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Real People v. Corporate “People”: The Fight Is On

The Supreme Court says corporations can spend as much money as they want on political advertising. Millions of Americans say they've had it.
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But this is the logical conclusion of the doctrine of corporate personhood, a legal theory that has been developing since the 1800s. Until 1819 the law was clear that corporations had no constitutional rights. In that year, the Court held for the first time that the Constitution applied to corporations.

How to Get Involved

Free Speech for People
proposes an amendment to the Constitution that will restore the First Amendment to its original purpose: protecting the people’s right to speak. Its website has plain-language explanations of Citizens United and the issues it raises and a link where you can join 50,000 others petitioning Congress for an amendment. freespeechforpeople.org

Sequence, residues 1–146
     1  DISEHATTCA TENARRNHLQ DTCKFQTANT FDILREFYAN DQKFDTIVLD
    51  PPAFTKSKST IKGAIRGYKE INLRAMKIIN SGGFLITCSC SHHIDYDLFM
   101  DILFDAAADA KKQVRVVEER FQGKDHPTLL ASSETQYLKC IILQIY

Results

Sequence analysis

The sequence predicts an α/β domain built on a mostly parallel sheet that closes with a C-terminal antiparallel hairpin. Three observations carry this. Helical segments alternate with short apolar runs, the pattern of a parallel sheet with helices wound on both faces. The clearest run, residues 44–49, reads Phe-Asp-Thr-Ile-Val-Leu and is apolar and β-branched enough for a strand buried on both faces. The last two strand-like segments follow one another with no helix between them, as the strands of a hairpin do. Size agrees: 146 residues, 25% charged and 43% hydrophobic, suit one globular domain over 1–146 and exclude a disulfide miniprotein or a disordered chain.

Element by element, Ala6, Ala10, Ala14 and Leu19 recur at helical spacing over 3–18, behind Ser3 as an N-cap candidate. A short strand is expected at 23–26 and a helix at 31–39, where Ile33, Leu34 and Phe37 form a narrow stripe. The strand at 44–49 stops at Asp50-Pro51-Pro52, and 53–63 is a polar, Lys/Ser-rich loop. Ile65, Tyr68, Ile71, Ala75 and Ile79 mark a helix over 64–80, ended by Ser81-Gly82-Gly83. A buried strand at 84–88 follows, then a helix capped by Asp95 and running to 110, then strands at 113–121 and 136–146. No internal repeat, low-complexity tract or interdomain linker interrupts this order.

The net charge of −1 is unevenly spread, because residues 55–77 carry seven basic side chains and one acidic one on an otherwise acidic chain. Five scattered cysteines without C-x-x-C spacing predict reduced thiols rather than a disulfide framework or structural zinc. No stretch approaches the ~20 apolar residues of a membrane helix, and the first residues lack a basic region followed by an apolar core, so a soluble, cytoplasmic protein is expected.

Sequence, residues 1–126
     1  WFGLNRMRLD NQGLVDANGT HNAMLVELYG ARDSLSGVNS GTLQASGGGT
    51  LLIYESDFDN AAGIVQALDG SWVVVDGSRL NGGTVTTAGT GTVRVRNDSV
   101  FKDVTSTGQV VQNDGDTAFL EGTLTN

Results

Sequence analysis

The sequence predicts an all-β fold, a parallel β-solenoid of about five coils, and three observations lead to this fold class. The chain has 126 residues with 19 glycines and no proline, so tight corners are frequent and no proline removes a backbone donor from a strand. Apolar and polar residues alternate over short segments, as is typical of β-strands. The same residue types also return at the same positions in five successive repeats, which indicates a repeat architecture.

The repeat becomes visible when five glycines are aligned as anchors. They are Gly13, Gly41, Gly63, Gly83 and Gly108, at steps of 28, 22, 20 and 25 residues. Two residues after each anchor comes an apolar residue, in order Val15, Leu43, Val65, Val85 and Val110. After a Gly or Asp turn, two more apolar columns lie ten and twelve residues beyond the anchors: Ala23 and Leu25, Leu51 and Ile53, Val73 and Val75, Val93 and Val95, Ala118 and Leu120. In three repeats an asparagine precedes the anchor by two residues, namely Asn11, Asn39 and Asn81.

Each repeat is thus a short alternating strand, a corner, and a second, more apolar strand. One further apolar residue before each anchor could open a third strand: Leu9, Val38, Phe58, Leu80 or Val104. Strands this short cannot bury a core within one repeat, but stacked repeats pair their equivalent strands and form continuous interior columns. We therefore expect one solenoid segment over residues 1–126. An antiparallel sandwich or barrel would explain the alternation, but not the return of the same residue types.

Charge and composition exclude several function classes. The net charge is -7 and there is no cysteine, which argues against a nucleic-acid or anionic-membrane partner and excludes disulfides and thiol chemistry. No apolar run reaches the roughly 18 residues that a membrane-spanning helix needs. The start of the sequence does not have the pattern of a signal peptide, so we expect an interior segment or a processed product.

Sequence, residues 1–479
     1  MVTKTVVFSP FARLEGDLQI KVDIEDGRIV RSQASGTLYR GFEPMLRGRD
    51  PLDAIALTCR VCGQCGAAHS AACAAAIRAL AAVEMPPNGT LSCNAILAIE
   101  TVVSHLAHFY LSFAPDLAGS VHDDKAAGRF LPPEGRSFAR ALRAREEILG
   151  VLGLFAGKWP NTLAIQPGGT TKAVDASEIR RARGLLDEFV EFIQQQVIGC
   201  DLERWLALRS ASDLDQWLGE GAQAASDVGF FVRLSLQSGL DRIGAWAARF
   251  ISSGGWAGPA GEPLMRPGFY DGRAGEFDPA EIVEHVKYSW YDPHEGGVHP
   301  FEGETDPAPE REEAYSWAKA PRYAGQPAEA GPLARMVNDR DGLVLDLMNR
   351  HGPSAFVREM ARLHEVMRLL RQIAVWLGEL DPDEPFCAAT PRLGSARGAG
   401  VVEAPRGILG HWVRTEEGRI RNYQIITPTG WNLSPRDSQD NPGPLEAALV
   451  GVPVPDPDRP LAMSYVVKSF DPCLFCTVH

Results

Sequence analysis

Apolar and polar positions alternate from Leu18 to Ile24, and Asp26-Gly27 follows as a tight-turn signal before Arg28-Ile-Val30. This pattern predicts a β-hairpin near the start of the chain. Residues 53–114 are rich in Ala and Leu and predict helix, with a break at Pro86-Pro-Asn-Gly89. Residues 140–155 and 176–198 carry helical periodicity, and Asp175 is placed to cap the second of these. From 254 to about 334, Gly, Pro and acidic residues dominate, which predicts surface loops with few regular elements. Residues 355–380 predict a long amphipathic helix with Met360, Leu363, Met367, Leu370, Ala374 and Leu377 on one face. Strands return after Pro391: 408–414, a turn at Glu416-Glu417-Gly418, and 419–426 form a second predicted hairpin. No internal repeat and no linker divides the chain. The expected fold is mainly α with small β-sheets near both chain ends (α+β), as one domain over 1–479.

Move to Amend is working for an amendment that will revoke all constitutional rights for corporations. Find links to the full text of Citizens United and an exhaustive reading list on the case and on corporate personhood. Check out its “Take Action” page. Nearly 78,000 people have signed its petition. movetoamend.org

The Community Environmental Legal Defense Fund is one of the pioneers in the fight against corporate personhood. Read its articles on Citizens United and dig into resources about community-rights initiatives and the Daniel Pennock Democracy School. celdf.org

The key moment was the 1886 case, Santa Clara County v. Southern Pacific, an unremarkable case about taxes on railroad property. One of the railroad’s arguments was that the tax they were challenging violated the then-relatively new 14th Amendment to the Constitution—the Amendment that specifically overruled Dred Scott.